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First Peoples and Settlers

The North West becomes the West: Natives and Newcomers

Although 19th century writers sometimes described the Canadian west in terms such as "the Great Lone Land" or as an unpopulated frontier, it was actually home to thousands of people. It was also a very diverse place.

A Blackfoot tipi near Lethbridge, Alberta in 1910. Residents spoke many different languages; they had quite distinctive ways of life, and varied beliefs. In fact, many historians have suggested that the old North West of the fur trade was a fascinating social phenomenon. Sylvia Van Kirk described it as "...a society which recognized the importance of family and kin and in which native women had a vital contribution to make." This society was "...based on a close economic partnership between Indian and white and extensive intermarriage," and its decline "...is to be regretted, for the blending of European and Indian culture could have been an enriching human experience."

The Métis, European, and First Nation inhabitants of the old North West faced significant changes when the government of the newly created country of Canada acquired this territory in 1869-1870. Residents of the Red River settlement around the forks of the Red and Assiniboine Rivers resisted this takeover, and forced the government of Canada to create a new province, Manitoba, and a government for the remaining lands, which were called the Northwest Territories.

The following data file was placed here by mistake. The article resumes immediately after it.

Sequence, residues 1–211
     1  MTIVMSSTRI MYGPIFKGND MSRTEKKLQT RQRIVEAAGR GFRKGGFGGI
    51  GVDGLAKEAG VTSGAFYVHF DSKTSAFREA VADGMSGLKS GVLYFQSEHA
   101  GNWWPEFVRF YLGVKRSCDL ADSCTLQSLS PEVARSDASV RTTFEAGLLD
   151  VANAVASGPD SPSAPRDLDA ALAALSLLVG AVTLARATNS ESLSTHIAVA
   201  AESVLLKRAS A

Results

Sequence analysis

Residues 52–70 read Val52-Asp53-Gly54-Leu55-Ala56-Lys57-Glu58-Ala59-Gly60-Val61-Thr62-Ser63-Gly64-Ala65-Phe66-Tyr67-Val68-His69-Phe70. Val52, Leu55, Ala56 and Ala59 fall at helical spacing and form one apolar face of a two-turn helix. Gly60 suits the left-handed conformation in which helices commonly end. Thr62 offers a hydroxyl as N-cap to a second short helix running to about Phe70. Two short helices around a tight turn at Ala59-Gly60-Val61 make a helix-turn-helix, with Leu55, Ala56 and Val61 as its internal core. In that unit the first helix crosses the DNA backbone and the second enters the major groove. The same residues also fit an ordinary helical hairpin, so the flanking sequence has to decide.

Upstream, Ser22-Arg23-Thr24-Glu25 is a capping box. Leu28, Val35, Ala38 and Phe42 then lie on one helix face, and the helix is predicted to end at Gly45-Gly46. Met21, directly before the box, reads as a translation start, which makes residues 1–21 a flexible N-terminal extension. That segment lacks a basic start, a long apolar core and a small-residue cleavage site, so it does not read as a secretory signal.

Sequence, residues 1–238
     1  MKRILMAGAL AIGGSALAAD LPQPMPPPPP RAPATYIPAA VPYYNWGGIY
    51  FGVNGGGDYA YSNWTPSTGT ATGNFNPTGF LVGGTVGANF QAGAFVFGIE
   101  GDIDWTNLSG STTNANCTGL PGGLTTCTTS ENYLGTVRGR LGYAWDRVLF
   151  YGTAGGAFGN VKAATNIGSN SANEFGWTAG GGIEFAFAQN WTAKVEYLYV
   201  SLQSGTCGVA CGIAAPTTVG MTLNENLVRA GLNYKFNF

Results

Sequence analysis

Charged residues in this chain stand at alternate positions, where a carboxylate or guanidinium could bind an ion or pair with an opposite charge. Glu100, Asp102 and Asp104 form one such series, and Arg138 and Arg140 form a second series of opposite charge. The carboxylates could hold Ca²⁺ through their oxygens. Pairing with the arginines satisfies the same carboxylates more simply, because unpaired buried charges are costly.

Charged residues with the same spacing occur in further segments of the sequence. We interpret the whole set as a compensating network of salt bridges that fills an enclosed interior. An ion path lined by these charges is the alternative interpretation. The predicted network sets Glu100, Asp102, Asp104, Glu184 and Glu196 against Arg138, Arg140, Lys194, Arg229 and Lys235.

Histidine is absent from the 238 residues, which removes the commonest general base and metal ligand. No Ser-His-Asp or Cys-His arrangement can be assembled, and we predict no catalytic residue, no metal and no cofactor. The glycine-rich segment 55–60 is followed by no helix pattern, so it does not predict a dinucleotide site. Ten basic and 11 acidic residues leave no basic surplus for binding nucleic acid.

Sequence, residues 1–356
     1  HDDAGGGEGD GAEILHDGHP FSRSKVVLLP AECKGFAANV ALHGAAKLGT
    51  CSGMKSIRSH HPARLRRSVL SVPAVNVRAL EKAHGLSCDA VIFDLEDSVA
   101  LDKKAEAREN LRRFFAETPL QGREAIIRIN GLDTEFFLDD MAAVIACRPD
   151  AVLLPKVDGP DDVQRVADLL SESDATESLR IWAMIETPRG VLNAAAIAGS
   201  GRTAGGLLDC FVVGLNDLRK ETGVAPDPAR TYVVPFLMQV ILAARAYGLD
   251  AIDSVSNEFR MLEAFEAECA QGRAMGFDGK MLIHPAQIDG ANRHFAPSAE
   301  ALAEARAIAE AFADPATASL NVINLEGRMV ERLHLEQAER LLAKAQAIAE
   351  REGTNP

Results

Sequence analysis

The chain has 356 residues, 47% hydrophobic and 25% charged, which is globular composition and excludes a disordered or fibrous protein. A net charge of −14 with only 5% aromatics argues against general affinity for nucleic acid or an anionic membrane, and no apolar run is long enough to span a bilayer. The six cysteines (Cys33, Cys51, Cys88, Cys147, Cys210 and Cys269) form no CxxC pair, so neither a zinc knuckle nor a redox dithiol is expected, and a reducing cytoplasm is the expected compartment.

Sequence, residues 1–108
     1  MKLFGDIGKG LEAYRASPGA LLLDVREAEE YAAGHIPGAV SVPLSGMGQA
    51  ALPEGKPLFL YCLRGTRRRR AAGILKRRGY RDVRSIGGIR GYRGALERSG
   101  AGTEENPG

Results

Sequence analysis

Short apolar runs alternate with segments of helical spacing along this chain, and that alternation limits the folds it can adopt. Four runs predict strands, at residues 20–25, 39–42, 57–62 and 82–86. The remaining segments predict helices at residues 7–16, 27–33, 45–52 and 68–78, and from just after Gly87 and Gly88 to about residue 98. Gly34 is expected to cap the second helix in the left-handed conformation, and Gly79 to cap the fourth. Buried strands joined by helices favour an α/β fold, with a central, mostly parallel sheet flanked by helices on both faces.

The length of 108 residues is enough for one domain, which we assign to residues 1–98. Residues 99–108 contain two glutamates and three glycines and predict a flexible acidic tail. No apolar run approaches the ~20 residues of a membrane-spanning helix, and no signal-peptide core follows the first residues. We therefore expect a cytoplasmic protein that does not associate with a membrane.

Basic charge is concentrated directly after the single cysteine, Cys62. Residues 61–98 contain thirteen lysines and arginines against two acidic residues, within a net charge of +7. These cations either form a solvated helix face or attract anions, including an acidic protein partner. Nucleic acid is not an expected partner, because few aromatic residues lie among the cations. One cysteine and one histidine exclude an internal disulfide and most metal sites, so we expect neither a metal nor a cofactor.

detail of map of the North-West Territory

The government of Canada and the newly created governments for Manitoba and the Northwest Territories were all interested in encouraging settlement of the new lands, but some issues had to be resolved for this to occur. In the Red River settlement, around what would become Winnipeg, Lord Selkirk had acquired a kind of title to the land through a land grant from the Hudson's Bay Company and a treaty with Chief Peguis and the Saulteaux/Ojibwa. Everywhere else though, treaties would be needed before settlement could take place. The Red River Resistance had also raised the issue of the Métis interest in the land, and the legislation creating the new province of Manitoba specifically stated that land should be set aside for the Métis and their children. Beginning in 1871 then, the government of Canada began negotiating a series of treaties with the First Nations of western Canada as a prelude to settlement. At the same time, a system of allocating "scrip", or certificates entitling the owner to claim land, was established for the Métis. These treaties and the scrip process are explained in greater detail in Phase I.

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            For more on the history of settlement in Alberta, visit Peel’s Prairie Provinces.